The debacle in parliament probably left a status quo, though leaving everyone with a bitter taste in their mouth.

    Then you got someone in charge who doesn't give a shit about democracy...who managed to score a deal that your bremainder leader considered "not good enough" years ago.

    It's come to the point that the ONLY time anything brexit related gets a majority in parliament is a mere "okay...we'll continue to talk about it".

    Oh, and of course: youth is largely in favor of remain whereas older people are generally more pro-brexit. This also shifts the percentage, as it's been three years since that vote.

    Bremainders hold million man demonstrations for a second referendum. And brexiteers...sorry...when were you hitting the streets for your rights again? A few weeks ago, I heard someone say you'll easily match that kind of demonstration. But thus far, I haven't read anything about minor (let alone major) demonstrations supporting Johnson in his effort.


    *sigh*

    Sorry, but I really had to put that off my chest. I explained my reasoning why this cashcow perspective isn't true (it's three posts above yours, FFS), and you just ignored it. You do realise that that sort of sulking isn't going to win anyone on either side over, right?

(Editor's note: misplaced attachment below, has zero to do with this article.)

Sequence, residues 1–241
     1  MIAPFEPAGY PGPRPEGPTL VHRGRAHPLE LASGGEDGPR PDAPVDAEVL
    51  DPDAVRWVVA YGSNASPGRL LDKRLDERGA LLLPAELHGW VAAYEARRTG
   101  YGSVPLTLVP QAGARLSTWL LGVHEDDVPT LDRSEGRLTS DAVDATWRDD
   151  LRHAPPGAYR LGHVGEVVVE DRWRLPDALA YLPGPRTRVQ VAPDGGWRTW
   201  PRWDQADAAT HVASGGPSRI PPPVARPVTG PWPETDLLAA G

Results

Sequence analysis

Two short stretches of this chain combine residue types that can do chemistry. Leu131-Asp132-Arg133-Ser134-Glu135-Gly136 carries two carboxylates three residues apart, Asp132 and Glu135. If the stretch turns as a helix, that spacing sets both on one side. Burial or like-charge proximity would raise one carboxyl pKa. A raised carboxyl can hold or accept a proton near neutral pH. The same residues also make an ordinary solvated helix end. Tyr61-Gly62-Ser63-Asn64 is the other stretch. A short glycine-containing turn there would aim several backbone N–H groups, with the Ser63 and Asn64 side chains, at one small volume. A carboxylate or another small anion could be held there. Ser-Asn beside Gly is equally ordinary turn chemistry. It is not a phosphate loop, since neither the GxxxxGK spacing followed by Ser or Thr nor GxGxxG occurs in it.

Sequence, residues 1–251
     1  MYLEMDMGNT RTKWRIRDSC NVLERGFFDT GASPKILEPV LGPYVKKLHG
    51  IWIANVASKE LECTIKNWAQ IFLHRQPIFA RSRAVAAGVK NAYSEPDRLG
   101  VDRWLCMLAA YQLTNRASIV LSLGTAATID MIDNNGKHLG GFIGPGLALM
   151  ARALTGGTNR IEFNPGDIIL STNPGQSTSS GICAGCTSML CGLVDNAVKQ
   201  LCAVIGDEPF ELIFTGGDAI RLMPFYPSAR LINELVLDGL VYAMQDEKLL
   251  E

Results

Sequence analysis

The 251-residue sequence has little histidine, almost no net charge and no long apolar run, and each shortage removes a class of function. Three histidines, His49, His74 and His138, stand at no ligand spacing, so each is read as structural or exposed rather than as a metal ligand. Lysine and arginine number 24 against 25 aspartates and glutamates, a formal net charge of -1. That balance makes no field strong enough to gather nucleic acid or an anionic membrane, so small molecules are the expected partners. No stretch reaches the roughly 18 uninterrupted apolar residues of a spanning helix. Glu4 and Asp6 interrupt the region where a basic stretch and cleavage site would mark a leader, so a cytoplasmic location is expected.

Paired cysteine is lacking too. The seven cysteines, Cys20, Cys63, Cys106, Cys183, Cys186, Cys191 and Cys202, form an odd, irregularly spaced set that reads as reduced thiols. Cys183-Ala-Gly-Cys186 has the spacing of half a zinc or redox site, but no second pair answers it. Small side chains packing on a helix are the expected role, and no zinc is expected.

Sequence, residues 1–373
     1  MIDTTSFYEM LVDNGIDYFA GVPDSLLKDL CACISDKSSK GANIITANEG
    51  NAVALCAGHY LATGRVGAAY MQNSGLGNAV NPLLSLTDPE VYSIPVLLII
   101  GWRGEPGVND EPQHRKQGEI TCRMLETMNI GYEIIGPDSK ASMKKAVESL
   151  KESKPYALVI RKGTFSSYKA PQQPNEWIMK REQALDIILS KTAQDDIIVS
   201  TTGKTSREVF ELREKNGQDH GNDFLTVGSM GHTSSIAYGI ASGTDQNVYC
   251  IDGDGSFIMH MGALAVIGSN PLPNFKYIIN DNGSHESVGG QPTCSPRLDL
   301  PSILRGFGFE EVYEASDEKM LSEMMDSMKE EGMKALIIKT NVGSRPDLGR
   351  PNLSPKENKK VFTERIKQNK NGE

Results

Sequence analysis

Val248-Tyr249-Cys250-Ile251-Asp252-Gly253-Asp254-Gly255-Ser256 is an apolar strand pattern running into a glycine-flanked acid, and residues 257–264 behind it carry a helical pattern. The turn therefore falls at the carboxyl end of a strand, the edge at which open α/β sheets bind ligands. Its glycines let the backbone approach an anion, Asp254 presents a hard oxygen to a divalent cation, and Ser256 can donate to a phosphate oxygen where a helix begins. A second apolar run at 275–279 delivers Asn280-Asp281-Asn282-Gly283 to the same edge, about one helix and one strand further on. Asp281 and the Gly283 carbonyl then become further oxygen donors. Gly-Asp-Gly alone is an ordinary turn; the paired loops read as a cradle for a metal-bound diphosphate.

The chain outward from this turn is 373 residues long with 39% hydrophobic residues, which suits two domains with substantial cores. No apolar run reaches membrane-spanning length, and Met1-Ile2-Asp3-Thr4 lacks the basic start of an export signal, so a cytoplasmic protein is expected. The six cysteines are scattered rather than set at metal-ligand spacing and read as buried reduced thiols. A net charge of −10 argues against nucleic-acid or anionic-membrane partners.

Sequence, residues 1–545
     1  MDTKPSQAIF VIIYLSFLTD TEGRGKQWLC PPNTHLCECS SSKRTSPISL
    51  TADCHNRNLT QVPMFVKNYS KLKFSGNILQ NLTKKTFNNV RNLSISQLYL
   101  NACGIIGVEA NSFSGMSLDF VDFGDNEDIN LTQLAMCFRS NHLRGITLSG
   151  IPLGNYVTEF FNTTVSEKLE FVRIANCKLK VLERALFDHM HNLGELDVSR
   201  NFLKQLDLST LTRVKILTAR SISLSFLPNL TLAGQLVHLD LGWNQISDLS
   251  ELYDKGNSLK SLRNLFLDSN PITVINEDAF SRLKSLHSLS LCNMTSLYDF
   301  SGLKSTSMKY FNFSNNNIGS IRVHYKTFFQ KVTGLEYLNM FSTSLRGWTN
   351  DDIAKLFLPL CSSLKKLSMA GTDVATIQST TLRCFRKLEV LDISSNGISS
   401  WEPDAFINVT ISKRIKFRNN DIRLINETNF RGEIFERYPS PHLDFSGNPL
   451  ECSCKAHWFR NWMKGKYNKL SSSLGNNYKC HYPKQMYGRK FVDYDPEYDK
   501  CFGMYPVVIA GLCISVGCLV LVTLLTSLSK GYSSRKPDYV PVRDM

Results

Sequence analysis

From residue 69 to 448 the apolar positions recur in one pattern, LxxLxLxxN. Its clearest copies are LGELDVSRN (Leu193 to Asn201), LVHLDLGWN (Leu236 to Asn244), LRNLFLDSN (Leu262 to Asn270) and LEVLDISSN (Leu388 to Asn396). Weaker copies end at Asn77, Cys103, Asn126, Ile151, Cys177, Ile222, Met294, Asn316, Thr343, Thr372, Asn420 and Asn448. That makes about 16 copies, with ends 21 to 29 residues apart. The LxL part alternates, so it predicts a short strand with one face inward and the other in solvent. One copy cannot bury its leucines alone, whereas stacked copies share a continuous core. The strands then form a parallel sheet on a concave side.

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  12. Taleweaver

    Taleweaver Storywriter
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    Oh...and I only just read that the EU did indeed grant an extension to January 31st 2020, provided it is "expected to be formalised through a written procedure" (source: Donald Tusk's twitter). I'm not sure if that "expected" is a stab at Johnson's government, but it might as well be. It's all but a secret that he doesn't want an extension; he's pretty much forced by parliament.

    So I'm not sure if there will be an extension to begin with (if "has to be signed by the prime minister" is part of that formalisation, there might be no delay after all).


    Somewhat of good news to the brexiteers: if the deal is ratified earlier, the UK can leave at the end of November or December if they want to. So if for no other reason, can we PLEASE stop this cashcow shenanigans? If you (the proverbial entirety of the UK that's apparently hellbent on leaving the EU) really wanted to leave so much, you could have done this WITH THIS SAME FREAKING DEAL two years ago!
     
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  13. _DrBecks_

    _DrBecks_ Advanced Member
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    UK will sooner or later regret this decision. Nowadays you can only grow with thinking globally not nationally.
     
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  14. JoeBloggs777

    JoeBloggs777 GBAtemp Advanced Fan
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    well it looks like there will be an election on the 9th or the 12th of December

    one thing I'm sure of Labour will lose some MP's and Boris will probably get a majority.